Sophomore Jennie Jeoung wants to sing because ze wants to act, and ze wants to act because of the legendary thief and hero Iljimae. When Jeoung was 11 years old, ze would sit with zis younger siblings Jeffrey and Grace to watch the Korean television show “Iljimae.” That show, the first show Jeoung recalls watching, inspired Jeoung and Jeffrey Jeoung to start their own two-performer acting troupe, with 6-year-old Grace as the sole audience member and sound effect producer.
“My brother and I started this group, and it went on for years and years until I had to leave [Korea] for Florida,” Jeoung said.
Ze noted that already after only one term of lessons ze was able to apply some of Bostwick’s vocal teachings to zis theatre performances. “I could use the vocal warm-ups,” Jeoung said, referring to zis recent rehearsals for zis play, “The Bald Soprano.” Ze then laughed and continued, “I mean, I don’t, but I should!” Jeoung said ze looks forward to being able to put zis vocal lessons to more use in the future the more ze learns.
Ze mentioned that efficiency and thoughtfulness are two significant principles for zem and zis performances. Ze highlighted a few exercises in particular that help zem be aware of zisself and zis voice.
“The most effective is the string one. When you sing, you’re supposed to imagine pulling a string,” Jeoung said. Ze pantomimed pulling a string, an imaginary string hanging inches from zis face that stretched from the top of zis head to the top of zis legs. “It helps with flow, which is good because when I sing I have a tendency to trail off.”
Jeoung noted that some of the exercises seemed strange when ze started. “There’s the walnut one. You put this walnut in your mouth and have to make noise while it’s there. Mah! Mah! Ah, eh, ee, oh, oo!… Yeah, it’s weird,” Jeoung said. Ze concluded, however, that the experience ze gained was worth the discomfort.
Junior Meghan Mohn’s journey with music did not begin at their first vocal lesson a year ago at Knox College. It did not even begin at their first piano lesson when they were a child. In fact, their story with music begins before they were born, when Audrey Lonegran, the young woman who would become Meghan’s grandmother, turned down a position as a singer in a European opera to live with the love of her life, Melvin Mohn.
“They met and fell crazy in love, didn’t spend a day apart since the day they met,” Mohn recalled.
Audrey received her B.A. in Music, became an award-winning vocal teacher, and had two children including Meghan Mohn’s father. Though Meghan took no vocal lessons as a child, Meghan remembers enjoying music with their grandmother all their life.
Both Audrey and Melvin Mohn suffered from cancer. Melvin passed away on Jan. 2, 2010, and Audrey followed a few days later. “She stopped eating, sleepingÉShe truly died from a broken heart,” Meghan said.
Meghan hopes, however, to carry on their grandmother’s legacy now through voice. “Pretty often now when I sing I think of her, wishing I could sing for her,” they said.
“There are actually recordings of her that my dad shared with me, and it’s a little uncanny how similar we sound,” Mohn said. They noted that they look very similar to Audrey Mohn, and that vocal tone is heavily influenced by facial structure.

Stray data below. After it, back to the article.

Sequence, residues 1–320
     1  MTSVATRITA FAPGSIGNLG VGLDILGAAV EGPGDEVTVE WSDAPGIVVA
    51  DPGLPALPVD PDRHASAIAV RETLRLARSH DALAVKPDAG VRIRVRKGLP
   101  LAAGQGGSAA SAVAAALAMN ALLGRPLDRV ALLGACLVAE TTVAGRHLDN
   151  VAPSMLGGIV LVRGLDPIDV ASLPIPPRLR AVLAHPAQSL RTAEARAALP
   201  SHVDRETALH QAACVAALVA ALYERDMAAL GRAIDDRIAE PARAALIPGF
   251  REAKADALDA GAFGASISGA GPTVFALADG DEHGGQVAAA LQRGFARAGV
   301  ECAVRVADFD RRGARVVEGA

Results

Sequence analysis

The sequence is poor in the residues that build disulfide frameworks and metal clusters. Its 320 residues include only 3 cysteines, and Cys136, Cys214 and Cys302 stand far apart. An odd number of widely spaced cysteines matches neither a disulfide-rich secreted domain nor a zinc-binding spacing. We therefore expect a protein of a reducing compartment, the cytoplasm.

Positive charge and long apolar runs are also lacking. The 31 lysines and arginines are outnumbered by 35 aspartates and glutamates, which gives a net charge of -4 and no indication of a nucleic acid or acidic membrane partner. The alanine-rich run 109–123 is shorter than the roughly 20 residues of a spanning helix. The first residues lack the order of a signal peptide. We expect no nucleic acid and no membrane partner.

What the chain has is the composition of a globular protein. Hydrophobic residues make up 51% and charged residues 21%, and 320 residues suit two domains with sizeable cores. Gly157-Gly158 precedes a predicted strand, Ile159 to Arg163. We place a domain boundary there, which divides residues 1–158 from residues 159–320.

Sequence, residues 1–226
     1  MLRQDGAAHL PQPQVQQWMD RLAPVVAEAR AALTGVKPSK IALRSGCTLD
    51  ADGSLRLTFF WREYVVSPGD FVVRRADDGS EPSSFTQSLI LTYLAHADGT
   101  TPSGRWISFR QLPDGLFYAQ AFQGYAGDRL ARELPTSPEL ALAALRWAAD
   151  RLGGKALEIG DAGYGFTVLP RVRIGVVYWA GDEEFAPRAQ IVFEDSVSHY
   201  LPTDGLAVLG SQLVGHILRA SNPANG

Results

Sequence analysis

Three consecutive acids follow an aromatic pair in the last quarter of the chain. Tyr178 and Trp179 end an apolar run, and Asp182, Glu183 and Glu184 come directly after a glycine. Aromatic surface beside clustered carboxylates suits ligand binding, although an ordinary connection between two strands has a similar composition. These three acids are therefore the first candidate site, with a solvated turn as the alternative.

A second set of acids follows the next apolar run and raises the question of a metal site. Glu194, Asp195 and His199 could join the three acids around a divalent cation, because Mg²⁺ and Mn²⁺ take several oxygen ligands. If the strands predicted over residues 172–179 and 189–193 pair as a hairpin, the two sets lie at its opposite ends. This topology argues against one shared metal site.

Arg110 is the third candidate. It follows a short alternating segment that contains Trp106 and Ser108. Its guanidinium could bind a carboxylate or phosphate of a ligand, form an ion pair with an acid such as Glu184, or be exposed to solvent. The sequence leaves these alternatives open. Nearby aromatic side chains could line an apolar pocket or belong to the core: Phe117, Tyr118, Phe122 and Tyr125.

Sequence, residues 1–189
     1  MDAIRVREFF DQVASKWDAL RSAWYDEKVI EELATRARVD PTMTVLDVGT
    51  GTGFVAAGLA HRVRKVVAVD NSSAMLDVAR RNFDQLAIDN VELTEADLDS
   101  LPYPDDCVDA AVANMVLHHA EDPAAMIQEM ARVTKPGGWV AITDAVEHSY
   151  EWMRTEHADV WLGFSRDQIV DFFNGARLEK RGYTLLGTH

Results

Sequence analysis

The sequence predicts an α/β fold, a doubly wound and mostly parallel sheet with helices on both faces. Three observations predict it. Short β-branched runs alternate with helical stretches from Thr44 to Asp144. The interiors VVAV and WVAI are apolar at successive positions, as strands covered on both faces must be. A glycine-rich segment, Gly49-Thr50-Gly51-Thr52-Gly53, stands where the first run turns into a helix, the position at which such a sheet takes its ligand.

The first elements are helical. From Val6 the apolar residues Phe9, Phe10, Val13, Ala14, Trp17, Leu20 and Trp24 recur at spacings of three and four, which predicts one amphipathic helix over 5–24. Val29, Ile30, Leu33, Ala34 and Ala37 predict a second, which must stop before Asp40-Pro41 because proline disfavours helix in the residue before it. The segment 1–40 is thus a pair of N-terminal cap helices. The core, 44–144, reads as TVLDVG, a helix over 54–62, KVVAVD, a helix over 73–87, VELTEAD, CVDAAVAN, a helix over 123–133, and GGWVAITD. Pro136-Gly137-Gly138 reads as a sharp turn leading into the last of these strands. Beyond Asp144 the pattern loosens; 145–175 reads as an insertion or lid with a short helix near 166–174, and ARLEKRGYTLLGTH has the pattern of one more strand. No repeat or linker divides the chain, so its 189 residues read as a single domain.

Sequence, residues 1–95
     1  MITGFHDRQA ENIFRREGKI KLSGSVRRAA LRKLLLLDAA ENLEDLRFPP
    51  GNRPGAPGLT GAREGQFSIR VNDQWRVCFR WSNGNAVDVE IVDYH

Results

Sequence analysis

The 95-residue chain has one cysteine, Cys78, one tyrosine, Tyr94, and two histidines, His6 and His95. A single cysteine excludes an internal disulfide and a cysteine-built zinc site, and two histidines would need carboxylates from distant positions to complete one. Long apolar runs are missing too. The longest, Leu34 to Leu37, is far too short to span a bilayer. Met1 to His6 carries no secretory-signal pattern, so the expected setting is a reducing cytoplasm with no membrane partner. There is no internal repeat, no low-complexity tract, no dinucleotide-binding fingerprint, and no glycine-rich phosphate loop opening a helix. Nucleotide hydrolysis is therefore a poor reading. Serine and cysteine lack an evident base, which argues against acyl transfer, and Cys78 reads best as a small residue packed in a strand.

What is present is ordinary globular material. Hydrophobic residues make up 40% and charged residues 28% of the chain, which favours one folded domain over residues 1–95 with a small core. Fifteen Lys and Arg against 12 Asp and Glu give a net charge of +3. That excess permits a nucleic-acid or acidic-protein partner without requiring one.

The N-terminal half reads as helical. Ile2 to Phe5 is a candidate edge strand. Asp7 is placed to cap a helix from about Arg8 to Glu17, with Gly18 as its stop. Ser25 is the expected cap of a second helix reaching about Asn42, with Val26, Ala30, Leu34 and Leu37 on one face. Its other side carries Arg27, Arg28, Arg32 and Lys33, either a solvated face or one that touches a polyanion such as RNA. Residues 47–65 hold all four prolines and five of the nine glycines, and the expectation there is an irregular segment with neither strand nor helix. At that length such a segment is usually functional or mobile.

“Allison and I tried to find the songs she was singing, but they’ve been lost to the sands of time. So I’m going to see if I can try to transcribe by listening the notes and the piano and see if I can sing them as my senior show,” Mohn said. They shared their favorite of Audrey’s songs, though they have not yet discovered the title.
“The first lines are, ‘Can this be summer? Though the gentle heat has left the roses on the wind of June,’” they said, “I have goosebumps just thinking about how beautiful that is.”
When asked why she loved to sing, senior Madeline Pape shook her head.
“It’s more than that. I need to sing. I couldn’t be who I am without singing and without the relationships that I’ve made with other people,” she said.
The senior began her vocal journey at 7 years old when a children’s choir she tried to join attracted only two members. The vocal teacher, whom Pape remembers as the fun-loving “Crystal,” decided to coach Pape and the other girl into a duet. “We both really liked the teacher and started taking lessons from her privatelyÉ We were friends,” Pape said.
At Knox, Pape studies with teacher Allison Meuth. Pape couldn’t stress enough the importance of the student-teacher relationship.
“I feel really bad for people who’ve had a really strict voice teacher. You have to be so vulnerable with voice. And a really good voice teacher can sometimes tell just by the way your voice sounds if you’re upset,” Pape said. She recalled one lesson after a particularly hard week in Fall Term. Meuth, pushing Pape to grow her voice as usual, heard the stress in Pape’s voice.
Pape also participates in the Knox College Choir and has for her four years at Knox. “I really believe that we’re a family,” Pape said. She recalled a moment on tour in France in a small, mostly empty church. A small group of students began singing, and slowly the rest of the choir joined in. They sang the song “Leaves.”
“Leaves is my favoriteÉLyrically, it’s a Sara Teasdale poem, and it’s a lot about letting thing go and letting people go in your life and recognizing that even though that’s a really hard thing to do, everything that comes after is really beautiful and amazing,” Pape said. As a senior, Pape said the themes of Leaves meant more to her now than ever. “I don’t know how I’m going to move on from the Knox College ChoirÉ I’m not sure I’ll ever be able to find another choir as close as this.”